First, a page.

How to Use the DIGS Method™ for the Design Portfolio Interview

September 6th, 2019 by lewis

design portfolio interview with digs method lewis lin

If you’re a designer interviewing for a new role, you’ll have to get ready for the dreaded design portfolio interview.

The Internet has no shortage of tips on what your design portfolio should look like. However, there are few tips on what your verbal commentary should sound like.

I recommend using the DIGS Method™. Here’s why:

  • Provides context about your design task or challenge
  • Tells us how you approached it
  • Helps us appreciate your innovative approach
  • Emphasizes your process, tools, and techniques
  • Summarizes with your product or business impact

For a more detailed walkthrough, here’s what your DIGS-influenced design portfolio response should sound like:

Dramatize the situation

Start by helping us appreciate your design challenge.

Here’s what it might sound like:

“My boss told me that our goal was to increase the time spent on Facebook from 1 minute to 2 minutes. That’s a whopping 100% increase. To make it worse, he said that removing that annoying login wall wasn’t up for discussion. I was dumbfounded, especially since we knew that darned login wall was responsible for 94% of all short visits on Facebook.”

You’ll see that this narrative makes the design objective clear. It also dramatizes how impossible the task is; you don’t want to convey a design challenge that’s ordinary and simple. Lastly, it hints at some constraints. In this case, it’s a design constraint, but it could also be time or resource constraints too.

Indicate the Alternatives

Indicate at least three alternatives and talk about the pros and cons of each. If you fail to indicate the alternatives, we have a hard time appreciating why your solution is innovative. We’ll simply conclude that your single solution is obvious and not-so-noteworthy.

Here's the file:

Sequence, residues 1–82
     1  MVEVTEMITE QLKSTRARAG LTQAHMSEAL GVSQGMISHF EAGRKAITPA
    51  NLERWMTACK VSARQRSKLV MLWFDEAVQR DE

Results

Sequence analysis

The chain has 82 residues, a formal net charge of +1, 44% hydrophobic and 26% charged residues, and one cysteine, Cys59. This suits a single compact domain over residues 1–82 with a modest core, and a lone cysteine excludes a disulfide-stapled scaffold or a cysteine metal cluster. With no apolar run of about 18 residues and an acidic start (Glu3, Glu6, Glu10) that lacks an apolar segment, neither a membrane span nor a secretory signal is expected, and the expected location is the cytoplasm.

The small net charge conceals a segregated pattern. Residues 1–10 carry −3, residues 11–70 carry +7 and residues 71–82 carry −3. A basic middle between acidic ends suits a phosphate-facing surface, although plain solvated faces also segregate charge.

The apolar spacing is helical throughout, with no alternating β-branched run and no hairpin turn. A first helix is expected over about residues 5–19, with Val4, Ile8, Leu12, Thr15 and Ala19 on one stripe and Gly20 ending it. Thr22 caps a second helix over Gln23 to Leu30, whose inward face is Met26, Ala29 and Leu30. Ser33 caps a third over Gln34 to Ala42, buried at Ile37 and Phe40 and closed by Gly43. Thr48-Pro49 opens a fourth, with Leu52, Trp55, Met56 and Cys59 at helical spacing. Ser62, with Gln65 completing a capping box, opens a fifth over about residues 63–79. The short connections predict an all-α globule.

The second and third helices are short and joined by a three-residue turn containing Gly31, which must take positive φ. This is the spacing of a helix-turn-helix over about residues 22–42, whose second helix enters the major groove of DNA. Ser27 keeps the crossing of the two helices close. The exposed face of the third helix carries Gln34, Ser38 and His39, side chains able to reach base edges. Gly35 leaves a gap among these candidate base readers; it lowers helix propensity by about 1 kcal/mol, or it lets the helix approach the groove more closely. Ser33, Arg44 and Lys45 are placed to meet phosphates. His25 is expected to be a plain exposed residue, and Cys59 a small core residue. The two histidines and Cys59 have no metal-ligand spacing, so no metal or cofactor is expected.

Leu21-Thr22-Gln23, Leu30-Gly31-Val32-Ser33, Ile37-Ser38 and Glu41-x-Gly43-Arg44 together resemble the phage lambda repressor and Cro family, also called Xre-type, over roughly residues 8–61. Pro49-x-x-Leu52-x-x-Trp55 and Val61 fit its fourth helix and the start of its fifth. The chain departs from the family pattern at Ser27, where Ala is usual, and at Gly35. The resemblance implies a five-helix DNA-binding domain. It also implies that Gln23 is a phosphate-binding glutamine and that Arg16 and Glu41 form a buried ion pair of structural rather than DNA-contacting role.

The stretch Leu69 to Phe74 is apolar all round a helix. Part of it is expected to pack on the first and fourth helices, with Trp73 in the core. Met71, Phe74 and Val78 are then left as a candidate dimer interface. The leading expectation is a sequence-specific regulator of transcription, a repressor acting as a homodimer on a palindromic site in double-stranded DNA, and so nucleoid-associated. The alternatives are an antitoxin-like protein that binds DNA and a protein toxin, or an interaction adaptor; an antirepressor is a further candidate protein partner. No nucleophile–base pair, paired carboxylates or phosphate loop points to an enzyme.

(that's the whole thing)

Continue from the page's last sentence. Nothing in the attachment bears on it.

Here’s what it might sound like:

“There were three design approaches I considered. Here’s one, here’s a second, and here’s the third. The advantage of the first one is …, but the disadvantage is…”

Go through what you did

Many candidates choose not to talk about what they did. Maybe they feel it’s too obvious. Or they think it’s too boring. Obvious or not, interviewers are looking for evidence that you possess the skills and the techniques that matter. So play along and describe the process, tools, and techniques you used.

Here’s what it might sound like:

“I first built a paper prototype of what I wanted to accomplish. It was quick, easy, and tactile. Then I created a low-fidelity mockup in <tool name>. Then I created a high-fidelity, clickable prototype in <tool name> which we used in our usability sessions.

Summarize the result

It’s not enough to present the designs. You’ll have to explain whether the design realized the main goal. In this example, it’s whether you increased the time spent metric to 2 minutes.

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